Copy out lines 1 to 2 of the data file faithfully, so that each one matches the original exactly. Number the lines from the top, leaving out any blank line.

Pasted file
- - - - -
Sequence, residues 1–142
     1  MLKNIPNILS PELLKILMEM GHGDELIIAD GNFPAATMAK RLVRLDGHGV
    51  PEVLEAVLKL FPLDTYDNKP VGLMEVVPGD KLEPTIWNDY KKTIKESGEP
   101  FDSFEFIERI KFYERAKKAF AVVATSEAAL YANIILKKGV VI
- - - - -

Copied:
Sequence, residues 1–142
     1  MLKNIPNILS PELLKILMEM GHGDELIIAD GNFPAATMAK RLVRLDGHGV